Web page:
• Four appointments for evaluation- initial evaluation and then three monthly evaluations
    • Apply lotion to face nail 4-6 times daily and maintain dairy
    • Photographs and clinical information used for clinical study

    IF YOU WOULD LIKE TO BE CONSIDERED FOR THIS STUDY OR FUTURE CLINICAL STUDIES AT BEESON COSMETIC SURGERY PLEASE CALL 846-0846 AND ASK FOR THE CLINCAL STUDIES REPRESENTATIVE OR REGISTER BY COMPLETING OUR "PRODUCT EVALUATION - CLINICAL STUDIES REGISTRATION FORM".


    Product Evaluations

    Product Evaluations are performed on new products as well as product improvements prior to their being released to the general public from Ad Lunam Labs. These evaluations are conducted to obtain input from selected individuals regarding a wide variety of product attributes ranging from packaging to ease of product application, and ultimate results.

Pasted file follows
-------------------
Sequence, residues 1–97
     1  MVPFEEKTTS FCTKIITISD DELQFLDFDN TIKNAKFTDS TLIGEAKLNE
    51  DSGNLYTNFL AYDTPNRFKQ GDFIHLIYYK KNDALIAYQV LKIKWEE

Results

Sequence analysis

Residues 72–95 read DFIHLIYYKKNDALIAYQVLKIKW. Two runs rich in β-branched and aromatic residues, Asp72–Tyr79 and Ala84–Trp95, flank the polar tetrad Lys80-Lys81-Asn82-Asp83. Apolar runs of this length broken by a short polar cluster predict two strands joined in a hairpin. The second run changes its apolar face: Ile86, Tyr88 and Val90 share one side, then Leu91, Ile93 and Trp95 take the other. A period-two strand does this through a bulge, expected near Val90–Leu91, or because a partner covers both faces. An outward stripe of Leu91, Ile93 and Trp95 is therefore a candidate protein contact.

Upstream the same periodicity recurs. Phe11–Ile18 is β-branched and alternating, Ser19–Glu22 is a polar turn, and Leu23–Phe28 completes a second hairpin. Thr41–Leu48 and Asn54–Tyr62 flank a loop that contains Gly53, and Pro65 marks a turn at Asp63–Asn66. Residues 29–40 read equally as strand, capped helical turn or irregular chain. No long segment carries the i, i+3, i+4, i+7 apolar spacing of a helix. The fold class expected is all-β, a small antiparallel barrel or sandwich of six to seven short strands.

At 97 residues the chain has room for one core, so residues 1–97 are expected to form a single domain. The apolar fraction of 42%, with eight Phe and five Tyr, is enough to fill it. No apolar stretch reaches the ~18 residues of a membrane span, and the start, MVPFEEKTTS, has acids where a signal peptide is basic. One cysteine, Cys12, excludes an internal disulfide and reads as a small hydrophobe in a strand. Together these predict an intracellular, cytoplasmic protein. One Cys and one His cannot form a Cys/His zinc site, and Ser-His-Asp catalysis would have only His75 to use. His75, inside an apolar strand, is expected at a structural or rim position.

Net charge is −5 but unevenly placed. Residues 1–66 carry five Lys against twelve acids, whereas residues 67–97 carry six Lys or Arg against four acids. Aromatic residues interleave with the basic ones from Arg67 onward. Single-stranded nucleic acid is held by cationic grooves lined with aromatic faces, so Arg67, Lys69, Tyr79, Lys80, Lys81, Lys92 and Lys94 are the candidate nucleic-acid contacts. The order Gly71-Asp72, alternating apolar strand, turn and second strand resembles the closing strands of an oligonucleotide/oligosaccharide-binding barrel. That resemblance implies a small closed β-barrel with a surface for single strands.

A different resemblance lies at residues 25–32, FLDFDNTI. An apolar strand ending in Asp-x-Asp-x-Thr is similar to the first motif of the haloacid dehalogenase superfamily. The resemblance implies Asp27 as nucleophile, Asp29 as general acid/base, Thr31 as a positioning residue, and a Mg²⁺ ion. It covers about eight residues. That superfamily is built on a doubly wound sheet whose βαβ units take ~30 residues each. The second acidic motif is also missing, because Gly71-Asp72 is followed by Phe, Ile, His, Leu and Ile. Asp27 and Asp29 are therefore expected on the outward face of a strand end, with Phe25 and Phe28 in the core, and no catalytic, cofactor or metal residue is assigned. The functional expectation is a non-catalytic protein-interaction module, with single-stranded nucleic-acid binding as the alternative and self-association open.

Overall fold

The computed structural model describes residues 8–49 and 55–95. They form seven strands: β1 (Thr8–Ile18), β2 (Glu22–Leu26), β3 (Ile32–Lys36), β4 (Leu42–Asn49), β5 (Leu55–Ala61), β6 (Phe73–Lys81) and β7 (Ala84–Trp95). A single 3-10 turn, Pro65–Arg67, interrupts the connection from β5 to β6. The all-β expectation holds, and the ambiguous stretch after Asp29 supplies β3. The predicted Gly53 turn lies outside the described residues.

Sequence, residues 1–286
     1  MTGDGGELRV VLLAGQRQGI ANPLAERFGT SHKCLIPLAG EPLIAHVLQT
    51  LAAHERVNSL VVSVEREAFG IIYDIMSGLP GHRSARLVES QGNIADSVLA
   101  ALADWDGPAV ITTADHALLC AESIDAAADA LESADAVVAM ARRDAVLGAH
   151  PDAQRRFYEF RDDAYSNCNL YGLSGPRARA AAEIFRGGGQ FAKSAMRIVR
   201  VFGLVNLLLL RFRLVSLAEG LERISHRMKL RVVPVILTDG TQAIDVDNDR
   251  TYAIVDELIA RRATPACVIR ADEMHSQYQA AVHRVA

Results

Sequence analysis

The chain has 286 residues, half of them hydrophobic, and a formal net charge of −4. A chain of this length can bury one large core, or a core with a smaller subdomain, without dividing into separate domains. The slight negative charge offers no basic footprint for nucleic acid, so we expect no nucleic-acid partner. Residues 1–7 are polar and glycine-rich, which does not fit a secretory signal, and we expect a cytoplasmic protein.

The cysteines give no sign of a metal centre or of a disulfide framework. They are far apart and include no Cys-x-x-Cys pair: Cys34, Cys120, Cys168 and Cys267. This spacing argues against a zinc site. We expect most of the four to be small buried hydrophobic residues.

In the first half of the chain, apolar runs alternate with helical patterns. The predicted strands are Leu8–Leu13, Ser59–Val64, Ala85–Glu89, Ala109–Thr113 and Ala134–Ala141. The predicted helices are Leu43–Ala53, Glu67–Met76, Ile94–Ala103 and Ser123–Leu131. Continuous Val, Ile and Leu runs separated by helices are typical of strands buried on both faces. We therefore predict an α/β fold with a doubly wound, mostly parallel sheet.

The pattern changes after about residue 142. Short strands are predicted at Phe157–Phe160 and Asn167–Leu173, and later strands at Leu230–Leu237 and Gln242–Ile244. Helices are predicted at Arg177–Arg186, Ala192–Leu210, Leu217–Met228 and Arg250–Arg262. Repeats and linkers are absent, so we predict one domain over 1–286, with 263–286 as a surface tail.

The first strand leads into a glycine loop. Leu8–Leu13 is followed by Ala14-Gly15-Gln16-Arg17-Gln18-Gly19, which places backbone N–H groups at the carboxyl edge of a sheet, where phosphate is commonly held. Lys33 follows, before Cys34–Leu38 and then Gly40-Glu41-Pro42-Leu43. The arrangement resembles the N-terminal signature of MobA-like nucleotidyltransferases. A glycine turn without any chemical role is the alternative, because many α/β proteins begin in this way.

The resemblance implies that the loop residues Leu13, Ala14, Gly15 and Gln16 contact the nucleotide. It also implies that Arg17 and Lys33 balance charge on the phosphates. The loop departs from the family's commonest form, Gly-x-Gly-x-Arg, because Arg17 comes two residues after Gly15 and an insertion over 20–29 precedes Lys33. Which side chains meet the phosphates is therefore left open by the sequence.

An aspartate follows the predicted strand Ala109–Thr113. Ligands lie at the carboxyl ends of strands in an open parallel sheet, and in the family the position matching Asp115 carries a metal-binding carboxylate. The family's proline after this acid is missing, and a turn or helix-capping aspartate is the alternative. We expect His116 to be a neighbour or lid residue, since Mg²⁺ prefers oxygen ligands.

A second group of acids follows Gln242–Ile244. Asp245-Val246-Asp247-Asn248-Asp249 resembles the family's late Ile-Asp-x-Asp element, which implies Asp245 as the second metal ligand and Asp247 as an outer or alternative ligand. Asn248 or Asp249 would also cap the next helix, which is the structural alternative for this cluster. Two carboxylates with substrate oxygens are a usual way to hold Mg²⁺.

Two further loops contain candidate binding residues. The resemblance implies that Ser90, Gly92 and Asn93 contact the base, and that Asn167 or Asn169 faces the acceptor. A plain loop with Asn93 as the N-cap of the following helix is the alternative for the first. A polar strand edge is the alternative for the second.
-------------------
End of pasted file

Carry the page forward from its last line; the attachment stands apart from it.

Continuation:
If you would like to participate in our product evaluation process and/or in some of our clinical trials, please complete our "PRODUCT EVALUTION - CLINICAL STUDIES REGISTRATION FORM". We will keep your personal health information confidential. When we have products or studies that call for someone with your skin type and skin "history", we will contact you by e-mail.

    Evaluations usually involve your at-home evaluation of a product and completion of a short on-line questionnaire. In some cases, the evaluation process might include a brief telephone interview by one of our Researchers. Product evaluations differ from Clinical Trials, but are nevertheless overseen by the Medical Director of Ad Lunam Labs.